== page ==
The Union cabinet on Tuesday gave its nod to shut down loss-making Handicrafts and Handlooms Export Corp. of India Ltd (HHEC), and to offer voluntary retirement to all its 65 employees.
“There are 59 permanent employees and six management trainees serving in the corporation. All the permanent employees and management trainees will be given an opportunity to avail the benefit of a voluntary retirement scheme (VRS) according to the norms laid down by the Department of Public Enterprises (DPE),” the cabinet statement said.
The move is supposed to benefit the government exchequer in reducing recurring expenditure on salary/wages of the sick CPSE (central public sector enterprise), which is not in operation and earning no income. The export body is under the administrative control of the textiles ministry.
The corporation has been continuously incurring losses since 2015-16 and not earning sufficient income to meet its running expenses. “There is little scope for its revival, necessitating closure of the company,” the statement added.
As part of cost rationalisation drive in a pandemic year, the government has been readying recommendations to either shut or merge a number of its own departments and divisions.
According to a report by Moneycontrol last year, the Centre is preparing recommendations to merge Registrar of Newspaper with Press Council of India, India Brand Equity Foundation under Department for Promotion of Industry and Internal Trade into Invest India, and publication division under Information and Broadcasting ministry, into Bureau of outreach and Communication, among others.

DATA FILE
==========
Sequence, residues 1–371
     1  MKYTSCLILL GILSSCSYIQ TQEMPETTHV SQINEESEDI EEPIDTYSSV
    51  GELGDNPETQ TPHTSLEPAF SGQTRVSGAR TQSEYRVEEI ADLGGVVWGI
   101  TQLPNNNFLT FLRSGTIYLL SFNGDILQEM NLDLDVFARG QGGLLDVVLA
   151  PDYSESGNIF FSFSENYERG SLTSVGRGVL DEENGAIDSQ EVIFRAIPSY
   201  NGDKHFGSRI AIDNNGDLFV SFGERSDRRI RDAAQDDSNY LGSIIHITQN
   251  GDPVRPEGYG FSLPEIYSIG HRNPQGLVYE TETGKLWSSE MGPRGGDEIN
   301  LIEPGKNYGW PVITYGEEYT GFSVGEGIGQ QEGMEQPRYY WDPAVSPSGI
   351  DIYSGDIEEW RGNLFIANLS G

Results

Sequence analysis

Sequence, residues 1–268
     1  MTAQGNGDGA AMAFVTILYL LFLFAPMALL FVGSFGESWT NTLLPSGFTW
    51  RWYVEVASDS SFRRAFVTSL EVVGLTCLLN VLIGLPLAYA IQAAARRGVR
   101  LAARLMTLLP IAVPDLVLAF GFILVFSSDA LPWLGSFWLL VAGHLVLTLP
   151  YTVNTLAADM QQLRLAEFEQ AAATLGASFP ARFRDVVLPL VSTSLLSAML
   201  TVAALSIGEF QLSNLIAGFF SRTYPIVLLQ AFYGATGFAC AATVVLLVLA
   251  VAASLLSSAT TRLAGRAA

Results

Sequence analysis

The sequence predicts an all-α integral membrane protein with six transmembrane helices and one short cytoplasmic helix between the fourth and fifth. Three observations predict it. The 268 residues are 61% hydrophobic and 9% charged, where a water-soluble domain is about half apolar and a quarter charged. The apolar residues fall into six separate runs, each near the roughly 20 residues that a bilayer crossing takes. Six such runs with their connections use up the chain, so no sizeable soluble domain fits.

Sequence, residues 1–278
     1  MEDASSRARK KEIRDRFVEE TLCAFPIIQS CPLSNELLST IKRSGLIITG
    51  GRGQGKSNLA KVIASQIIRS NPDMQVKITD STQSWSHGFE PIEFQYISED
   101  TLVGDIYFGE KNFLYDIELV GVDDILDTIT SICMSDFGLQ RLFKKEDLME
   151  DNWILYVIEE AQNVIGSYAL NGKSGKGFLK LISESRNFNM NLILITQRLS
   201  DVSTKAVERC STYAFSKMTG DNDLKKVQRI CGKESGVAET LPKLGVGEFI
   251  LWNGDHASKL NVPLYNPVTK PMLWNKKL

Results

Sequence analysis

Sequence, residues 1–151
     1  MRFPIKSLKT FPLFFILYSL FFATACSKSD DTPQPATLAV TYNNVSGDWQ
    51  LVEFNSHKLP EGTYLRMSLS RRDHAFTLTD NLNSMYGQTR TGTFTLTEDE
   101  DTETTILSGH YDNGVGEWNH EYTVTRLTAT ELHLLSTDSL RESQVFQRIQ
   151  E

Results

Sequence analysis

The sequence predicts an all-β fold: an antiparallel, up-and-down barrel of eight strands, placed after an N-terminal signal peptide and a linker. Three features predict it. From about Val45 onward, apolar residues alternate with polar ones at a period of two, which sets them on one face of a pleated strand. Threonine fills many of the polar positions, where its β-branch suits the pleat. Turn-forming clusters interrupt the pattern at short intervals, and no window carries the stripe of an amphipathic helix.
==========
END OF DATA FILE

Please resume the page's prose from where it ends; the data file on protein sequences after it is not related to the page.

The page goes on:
The government is also planning to shut down almost a dozen autonomous bodies to rationalise costs. Some of the autonomous bodies that might be shut down are the National Productivity Council (NPC) and the Tariff Commission, among others, Moneycontrol had reported earlier.
The Union Textile Ministry in August abolished the All India Handicrafts Board and the All India Handloom Board — advisory bodies that were created to help the government in “formulation of the overall development programmes” in the handicrafts and handloom sectors, “keeping in view socio-economic cultural and artistic perspective.”
This was followed up with abolishing another advisory body – the Cotton Advisory Board. The government also notified that all eight Textiles Research Associations have ceased to be ”affiliated bodies” of the ministry.